NFT Thefts Reveal Security Risks in Coupling Private Keys & Digital AssetsNFT Thefts Reveal Security Risks in Coupling Private Keys & Digital Assets
Compromised NFT accounts highlight security concerns inherent in the design of centralized systems.
April 6, 2021
There's a new type of art heist in the world, one involving unique digital assets known as nonfungible tokens (NFTs) that are sold on blockchain-based marketplaces. A few weeks ago, NFTs hit the mainstream news when one was sold for nearly $70 million at Christie's, which the auction house said was the third-highest selling price for a piece of art by a living artist. In separate news the following week, several NFT owners reported that hackers had compromised their accounts on a digital art marketplace. While cryptocurrencies like Bitcoin have been targeted by hackers, this is a first for NFTs, and it highlights traditional security concerns inherent in the design of centralized systems.
The attack itself was standard, and it targeted the relatively weakest links in the network. It appears that the thieves compromised the victim accounts in the Nifty Gateway marketplace primarily by stealing user passwords, likely a result of phishing. Once they were in the accounts, the thieves either stole artwork owned by the victims or used credit cards attached to the accounts to buy NFT art that was then stolen. As NFTs exist on a blockchain, and owing to their design, the very nature of blockchain transactions makes it nearly impossible to get stolen NFTs returned to their rightful owners.
Role of Private Keys
NFT ownership is managed via a private key that serves as a sentinel to all the assets in a specific digital wallet. Anyone holding the private key can get access, as well as move the NFTs out of the digital wallet and resell them. NFTs are in essence nonduplicable certificates of ownership for any digital asset. Because each digital asset is inextricably linked to its authentication mechanism — the key — any theft or compromise of it could mean the corresponding NFT may not be recoverable by the rightful owner. Once it's out of the owner's possession, good luck trying to get it back.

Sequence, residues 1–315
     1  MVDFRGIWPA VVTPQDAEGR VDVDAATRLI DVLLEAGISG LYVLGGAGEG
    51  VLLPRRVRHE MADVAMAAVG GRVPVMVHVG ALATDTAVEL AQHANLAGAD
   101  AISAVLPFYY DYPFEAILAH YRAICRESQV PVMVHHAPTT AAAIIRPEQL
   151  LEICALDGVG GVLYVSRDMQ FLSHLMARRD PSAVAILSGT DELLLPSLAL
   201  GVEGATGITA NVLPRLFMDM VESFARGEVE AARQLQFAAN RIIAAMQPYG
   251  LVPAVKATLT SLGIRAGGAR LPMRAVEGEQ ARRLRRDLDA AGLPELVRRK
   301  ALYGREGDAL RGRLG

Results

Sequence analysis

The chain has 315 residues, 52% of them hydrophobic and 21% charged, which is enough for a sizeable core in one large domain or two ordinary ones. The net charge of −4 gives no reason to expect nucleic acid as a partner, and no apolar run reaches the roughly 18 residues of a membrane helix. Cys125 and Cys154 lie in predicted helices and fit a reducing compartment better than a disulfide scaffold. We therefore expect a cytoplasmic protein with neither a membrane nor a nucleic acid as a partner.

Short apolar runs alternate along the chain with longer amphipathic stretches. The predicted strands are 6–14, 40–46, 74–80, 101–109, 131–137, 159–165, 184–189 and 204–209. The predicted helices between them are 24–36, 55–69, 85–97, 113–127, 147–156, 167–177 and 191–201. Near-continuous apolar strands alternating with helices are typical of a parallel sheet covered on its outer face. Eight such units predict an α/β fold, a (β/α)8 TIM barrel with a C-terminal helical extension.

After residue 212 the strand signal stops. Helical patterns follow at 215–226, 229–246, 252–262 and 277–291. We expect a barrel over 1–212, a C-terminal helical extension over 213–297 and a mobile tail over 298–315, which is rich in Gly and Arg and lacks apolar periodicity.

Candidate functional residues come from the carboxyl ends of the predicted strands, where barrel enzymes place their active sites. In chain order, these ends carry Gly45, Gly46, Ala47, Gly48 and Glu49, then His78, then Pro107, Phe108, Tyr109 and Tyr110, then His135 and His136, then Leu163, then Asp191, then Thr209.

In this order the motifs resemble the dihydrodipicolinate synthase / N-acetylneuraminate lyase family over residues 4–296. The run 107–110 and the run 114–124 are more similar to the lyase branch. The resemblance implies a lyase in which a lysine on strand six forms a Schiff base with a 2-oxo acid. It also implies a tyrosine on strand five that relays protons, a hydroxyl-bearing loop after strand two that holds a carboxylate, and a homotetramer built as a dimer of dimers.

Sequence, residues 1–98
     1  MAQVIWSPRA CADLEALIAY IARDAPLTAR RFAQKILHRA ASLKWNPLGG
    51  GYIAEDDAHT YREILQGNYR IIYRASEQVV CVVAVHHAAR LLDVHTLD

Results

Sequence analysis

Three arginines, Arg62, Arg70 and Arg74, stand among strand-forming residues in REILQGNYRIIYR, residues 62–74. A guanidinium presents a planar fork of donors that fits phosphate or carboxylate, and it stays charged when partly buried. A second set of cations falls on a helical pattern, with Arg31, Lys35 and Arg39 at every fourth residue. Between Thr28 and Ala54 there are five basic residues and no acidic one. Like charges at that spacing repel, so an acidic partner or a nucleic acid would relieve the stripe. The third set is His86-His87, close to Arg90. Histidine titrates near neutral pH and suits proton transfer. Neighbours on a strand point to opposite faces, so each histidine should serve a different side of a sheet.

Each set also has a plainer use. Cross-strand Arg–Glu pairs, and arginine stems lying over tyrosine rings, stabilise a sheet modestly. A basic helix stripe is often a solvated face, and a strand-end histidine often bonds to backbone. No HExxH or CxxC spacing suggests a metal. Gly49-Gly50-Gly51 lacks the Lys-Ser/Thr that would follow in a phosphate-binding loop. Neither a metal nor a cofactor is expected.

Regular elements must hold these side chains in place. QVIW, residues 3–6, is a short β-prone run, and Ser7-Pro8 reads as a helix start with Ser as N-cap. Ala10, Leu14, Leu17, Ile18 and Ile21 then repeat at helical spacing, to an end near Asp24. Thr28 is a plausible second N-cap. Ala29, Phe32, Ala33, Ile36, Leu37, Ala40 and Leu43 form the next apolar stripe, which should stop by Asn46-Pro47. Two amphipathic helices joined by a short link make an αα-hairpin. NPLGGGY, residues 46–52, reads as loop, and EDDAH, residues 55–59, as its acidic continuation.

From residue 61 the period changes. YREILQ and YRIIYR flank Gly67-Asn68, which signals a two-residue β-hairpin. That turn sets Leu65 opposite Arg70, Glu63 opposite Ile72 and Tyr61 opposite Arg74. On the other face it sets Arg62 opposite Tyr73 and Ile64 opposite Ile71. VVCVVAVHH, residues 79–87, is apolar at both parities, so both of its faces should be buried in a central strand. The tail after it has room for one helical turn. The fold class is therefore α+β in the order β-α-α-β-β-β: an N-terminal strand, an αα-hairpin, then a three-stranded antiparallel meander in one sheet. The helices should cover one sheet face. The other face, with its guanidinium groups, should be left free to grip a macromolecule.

Like other blockchain-based platforms, NFT marketplaces are targeted by hackers. The centralized design of the marketplaces and the high value attached to NFTs make them prized targets. They can be subject to a range of attack vectors, including phishing, insider threats, supply chain attacks, brute-force attacks against account credentials, ransomware, and even distributed denial-of-service attacks.
No Strong Assurance Against Account Takeover
Blockchain design encompassing NFTs provides certain fundamental properties applicable to security, such as immutability and integrity checks. Immutability inherent in blockchain design is considered one of the core tenets of any transaction-security strategy. It's introduced to create a single source of truth and supports nonrepudiation, which is crucial for accountability of actions.
But this still does not guard the platform against attacks leading to an account takeover (ATO), a major threat. There is a clear, exploitable scenario here as once an NFT has been transferred to someone else's wallet or sold, it may not be recovered by the sender or a third party. Enabling private keys to serve as gatekeepers is bound to create concentrated risk in one area, leading to a single-point-of-failure scenario. Even adding additional layers of security by exercising defense in depth may not serve as a foolproof counter if an attacker uses a sophisticated, relatively noiseless, and slow-rate attack to stay under the radar to breach such controls.
NFT Security Flaws Must Be Addressed
There is a general lack of security awareness in the NFT market, and this will need to be addressed, or there will be more incidents. While blockchain technology is promising as a security enabler for financial transactions, it has security issues, particularly related to storage in online wallets and their vulnerability to attacks. Strong passwords and multifactor authentication are certainly crucial. According to Nifty Gateway, none of the affected accounts had two-factor authentication enabled, and valid account credentials were used to access the accounts.
To improve the security of these markets, I recommend these security best practices:
NFTs should be stored in a hardware wallet or distributed in multiple wallets to mitigate the risk of theft. When using hardware wallets, select PIN codes that are not easily guessable.
Distribute crypt assets instead of storing everything in one place.
Ensure that at least two-factor authentication is enabled for every account on the platform, and consider additional security settings (if available) for layered security.
Marketplace users should check platform website addresses carefully when entering and logging in to avoid being tricked by phishing or typosquatting attempts.
Users should also take timely action if they receive any unauthorized device or access notifications from the platforms regarding any access or logins to their wallets.
The novelty and buzz around NFTs mean these markets will grow rapidly this year, expanding beyond the traditional realm of artwork. However, the marketplaces need to address the security issues now, or risk lawsuits and having cyber thefts scare customers away.
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